Scientists are currently exploring whether we can use DNA to treat a whole range of diseases including certain cancers and HIV. We know that people who possess certain genes are more susceptible to these diseases so if we can turn off the appropriate gene we might be able to help combat the disease. One of the problems holding back this approach is that long strands of DNA are more effective at turning off genes than shorter ones, but are less readily taken up by the cells in our bodies. Using 'click' chemistry it might be possible to send in a series of short strands which then self-assemble in the cell and turn off the disease gene.
Professor Andrew Turberfield of the University of Oxford is another leading researcher on the project. He said "This new technology is an important addition to the toolbox of molecular techniques that is allowing researchers to explore how biological systems function by creating simplified and modified biomolecular machinery."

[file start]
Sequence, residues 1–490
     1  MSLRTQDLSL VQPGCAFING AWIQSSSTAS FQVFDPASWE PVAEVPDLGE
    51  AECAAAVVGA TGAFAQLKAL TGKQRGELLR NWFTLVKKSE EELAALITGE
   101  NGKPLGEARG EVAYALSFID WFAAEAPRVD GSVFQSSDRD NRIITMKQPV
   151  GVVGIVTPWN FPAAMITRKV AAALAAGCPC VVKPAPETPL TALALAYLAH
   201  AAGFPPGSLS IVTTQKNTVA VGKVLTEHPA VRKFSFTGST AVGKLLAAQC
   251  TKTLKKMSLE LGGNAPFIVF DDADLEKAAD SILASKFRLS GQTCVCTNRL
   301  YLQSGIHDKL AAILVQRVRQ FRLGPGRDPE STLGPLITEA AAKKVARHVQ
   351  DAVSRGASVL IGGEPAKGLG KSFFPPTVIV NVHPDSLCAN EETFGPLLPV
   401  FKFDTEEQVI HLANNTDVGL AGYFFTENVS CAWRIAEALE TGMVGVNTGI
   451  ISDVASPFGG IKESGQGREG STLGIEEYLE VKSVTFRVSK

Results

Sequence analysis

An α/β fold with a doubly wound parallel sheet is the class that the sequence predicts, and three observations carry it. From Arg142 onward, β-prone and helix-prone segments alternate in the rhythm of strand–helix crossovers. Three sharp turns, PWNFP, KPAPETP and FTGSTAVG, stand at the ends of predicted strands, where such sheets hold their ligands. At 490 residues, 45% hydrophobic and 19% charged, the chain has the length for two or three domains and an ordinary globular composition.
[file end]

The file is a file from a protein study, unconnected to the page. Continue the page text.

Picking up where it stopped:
"We're really excited by the possibilities that this project could open up" said Professor Douglas Kell, Chief Executive of BBSRC. "The 'click' technique could make DNA production cheaper, quicker and more efficient and deliver a range of useful new clinical and commercial molecules. However, we also need to be aware of the implications of making DNA assembly more widespread and accessible. BBSRC ran a public dialogue in 2010 on 'synthetic biology' which encompassed new technologies like these. The dialogue aimed to gauge people's hopes and fears for these new technologies so as to make sure that we, and the scientists engaged in this research, don't lose sight of the social and ethical dimensions of their work. This grant illustrates our commitment to in
|Contact: Tracey Jewitt|
Biotechnology and Biological Sciences Research Council